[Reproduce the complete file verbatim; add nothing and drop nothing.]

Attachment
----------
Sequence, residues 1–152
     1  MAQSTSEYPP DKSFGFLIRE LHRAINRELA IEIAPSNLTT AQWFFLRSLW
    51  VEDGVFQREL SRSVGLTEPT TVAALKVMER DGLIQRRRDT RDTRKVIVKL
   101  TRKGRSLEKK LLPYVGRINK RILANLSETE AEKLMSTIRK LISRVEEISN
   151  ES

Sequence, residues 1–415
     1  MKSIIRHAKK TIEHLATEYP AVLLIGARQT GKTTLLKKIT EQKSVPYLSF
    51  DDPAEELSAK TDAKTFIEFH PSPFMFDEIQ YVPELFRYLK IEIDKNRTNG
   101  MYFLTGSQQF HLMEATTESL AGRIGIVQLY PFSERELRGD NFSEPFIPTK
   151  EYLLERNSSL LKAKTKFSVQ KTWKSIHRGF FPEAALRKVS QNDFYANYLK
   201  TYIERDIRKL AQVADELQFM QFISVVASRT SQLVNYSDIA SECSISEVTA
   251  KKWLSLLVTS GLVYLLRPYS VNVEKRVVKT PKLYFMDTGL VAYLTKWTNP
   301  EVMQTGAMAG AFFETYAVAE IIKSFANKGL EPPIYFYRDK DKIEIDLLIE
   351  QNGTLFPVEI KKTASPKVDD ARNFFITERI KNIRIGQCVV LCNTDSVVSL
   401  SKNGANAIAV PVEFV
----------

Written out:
Sequence, residues 1–152
     1  MAQSTSEYPP DKSFGFLIRE LHRAINRELA IEIAPSNLTT AQWFFLRSLW
    51  VEDGVFQREL SRSVGLTEPT TVAALKVMER DGLIQRRRDT RDTRKVIVKL
   101  TRKGRSLEKK LLPYVGRINK RILANLSETE AEKLMSTIRK LISRVEEISN
   151  ES

Sequence, residues 1–415
     1  MKSIIRHAKK TIEHLATEYP AVLLIGARQT GKTTLLKKIT EQKSVPYLSF
    51  DDPAEELSAK TDAKTFIEFH PSPFMFDEIQ YVPELFRYLK IEIDKNRTNG
   101  MYFLTGSQQF HLMEATTESL AGRIGIVQLY PFSERELRGD NFSEPFIPTK
   151  EYLLERNSSL LKAKTKFSVQ KTWKSIHRGF FPEAALRKVS QNDFYANYLK
   201  TYIERDIRKL AQVADELQFM QFISVVASRT SQLVNYSDIA SECSISEVTA
   251  KKWLSLLVTS GLVYLLRPYS VNVEKRVVKT PKLYFMDTGL VAYLTKWTNP
   301  EVMQTGAMAG AFFETYAVAE IIKSFANKGL EPPIYFYRDK DKIEIDLLIE
   351  QNGTLFPVEI KKTASPKVDD ARNFFITERI KNIRIGQCVV LCNTDSVVSL
   401  SKNGANAIAV PVEFV